Abraham Oakey Hall (1826-1898)
A. Oakey Hall was the mayor of New York City. Hall was from New York City but in 1849 was admitted to the New Orleans bar. Hall soon embarked on his notorious political career. From 1855 to 1858 he was district attorney of New York County. Realizing that the power in New York lay with Tammany Hall, he became a member. In 1868 Tammany made him mayor. During his four years as mayor, he unscrupulously covered up the deeds of the "Tweed ring." In 1872 he was indicted and brought to trial for being implicated with Tweed. He was acquitted. He became city editor of the New York "World" and then became London correspondent for the "New York Herald" and the "Morning Journal." He was admitted to the English bar and practiced law in England. This is an early daguerreotype.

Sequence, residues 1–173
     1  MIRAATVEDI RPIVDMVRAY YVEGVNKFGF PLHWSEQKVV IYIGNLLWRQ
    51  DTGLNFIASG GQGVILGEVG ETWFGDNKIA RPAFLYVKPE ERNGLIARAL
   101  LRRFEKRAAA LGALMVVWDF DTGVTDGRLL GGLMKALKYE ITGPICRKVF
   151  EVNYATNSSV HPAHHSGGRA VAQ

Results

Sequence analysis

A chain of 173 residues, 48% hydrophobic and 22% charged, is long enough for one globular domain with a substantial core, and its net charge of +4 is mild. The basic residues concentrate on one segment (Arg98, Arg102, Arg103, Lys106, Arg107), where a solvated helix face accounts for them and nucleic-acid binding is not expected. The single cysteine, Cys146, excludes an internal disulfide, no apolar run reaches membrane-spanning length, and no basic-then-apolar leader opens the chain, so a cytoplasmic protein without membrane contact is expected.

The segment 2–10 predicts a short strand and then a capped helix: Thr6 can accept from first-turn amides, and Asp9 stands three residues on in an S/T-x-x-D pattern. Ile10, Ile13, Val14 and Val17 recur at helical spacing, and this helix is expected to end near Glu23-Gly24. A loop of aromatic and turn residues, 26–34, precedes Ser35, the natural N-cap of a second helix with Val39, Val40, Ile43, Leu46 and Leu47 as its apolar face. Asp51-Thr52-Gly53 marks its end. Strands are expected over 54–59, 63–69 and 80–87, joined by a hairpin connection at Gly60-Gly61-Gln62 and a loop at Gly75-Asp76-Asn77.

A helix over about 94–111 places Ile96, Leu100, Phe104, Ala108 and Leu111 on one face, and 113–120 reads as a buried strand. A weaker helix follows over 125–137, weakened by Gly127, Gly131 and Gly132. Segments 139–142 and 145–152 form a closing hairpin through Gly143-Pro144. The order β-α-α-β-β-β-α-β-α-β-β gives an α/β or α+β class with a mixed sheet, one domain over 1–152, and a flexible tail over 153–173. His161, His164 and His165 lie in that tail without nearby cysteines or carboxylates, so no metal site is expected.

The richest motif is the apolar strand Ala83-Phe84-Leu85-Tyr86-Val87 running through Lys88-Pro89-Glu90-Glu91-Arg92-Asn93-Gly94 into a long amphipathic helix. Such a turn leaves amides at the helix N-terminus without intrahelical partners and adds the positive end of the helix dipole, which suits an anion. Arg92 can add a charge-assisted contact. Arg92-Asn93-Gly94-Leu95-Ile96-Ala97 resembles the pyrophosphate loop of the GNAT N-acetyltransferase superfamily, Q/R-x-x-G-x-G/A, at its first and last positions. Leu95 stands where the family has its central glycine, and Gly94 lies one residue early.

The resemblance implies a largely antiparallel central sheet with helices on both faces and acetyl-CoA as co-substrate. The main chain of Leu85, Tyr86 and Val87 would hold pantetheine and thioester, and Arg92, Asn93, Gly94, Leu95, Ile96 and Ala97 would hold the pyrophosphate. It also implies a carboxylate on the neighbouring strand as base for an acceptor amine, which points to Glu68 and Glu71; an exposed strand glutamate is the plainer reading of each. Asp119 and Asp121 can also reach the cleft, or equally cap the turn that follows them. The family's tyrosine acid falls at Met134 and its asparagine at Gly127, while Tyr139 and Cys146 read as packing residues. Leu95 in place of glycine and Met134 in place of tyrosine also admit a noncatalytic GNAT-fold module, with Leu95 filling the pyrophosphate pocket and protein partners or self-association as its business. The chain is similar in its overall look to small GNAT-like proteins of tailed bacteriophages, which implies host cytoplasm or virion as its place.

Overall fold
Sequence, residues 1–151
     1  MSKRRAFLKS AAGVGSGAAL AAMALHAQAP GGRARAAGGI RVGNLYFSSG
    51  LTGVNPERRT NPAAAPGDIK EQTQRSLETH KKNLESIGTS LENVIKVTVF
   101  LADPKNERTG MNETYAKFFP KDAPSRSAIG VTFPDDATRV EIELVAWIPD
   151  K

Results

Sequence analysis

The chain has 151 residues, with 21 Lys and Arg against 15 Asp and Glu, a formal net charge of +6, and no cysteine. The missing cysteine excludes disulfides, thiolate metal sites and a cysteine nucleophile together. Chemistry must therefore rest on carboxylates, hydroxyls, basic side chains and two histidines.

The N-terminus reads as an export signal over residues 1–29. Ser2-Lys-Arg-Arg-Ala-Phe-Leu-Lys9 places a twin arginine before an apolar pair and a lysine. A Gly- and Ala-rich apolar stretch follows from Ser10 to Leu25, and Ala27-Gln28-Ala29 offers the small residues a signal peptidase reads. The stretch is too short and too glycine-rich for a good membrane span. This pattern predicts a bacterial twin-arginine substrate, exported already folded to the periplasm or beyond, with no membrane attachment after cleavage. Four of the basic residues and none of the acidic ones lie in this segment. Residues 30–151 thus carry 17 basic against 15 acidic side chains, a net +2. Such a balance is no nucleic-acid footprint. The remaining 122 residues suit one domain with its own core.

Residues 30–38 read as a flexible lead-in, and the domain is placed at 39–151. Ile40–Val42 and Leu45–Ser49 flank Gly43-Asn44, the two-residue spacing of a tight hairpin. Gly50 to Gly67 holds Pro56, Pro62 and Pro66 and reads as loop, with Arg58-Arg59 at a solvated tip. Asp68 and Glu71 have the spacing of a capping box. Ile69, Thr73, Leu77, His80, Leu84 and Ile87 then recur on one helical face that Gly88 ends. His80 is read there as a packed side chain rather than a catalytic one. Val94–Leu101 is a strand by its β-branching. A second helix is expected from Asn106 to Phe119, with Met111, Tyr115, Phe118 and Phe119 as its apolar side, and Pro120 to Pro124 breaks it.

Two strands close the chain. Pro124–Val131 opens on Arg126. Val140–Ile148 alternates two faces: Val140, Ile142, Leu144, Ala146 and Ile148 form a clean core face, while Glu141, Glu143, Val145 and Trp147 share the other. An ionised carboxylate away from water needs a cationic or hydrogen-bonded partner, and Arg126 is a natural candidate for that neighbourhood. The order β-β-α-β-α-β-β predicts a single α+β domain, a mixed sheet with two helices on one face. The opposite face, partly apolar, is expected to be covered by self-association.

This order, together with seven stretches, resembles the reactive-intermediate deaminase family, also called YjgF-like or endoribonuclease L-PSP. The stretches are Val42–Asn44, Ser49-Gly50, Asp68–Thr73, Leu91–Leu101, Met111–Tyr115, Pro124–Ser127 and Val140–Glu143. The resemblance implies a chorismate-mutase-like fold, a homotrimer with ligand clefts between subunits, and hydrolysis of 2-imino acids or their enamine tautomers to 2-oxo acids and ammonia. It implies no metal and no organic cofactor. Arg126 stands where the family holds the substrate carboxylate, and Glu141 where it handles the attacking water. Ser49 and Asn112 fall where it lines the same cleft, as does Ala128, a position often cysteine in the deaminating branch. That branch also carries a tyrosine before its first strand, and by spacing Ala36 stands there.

- 1855 circa 15 years
- Original Format:
- Mathew Brady
- download hi-res watermarked image
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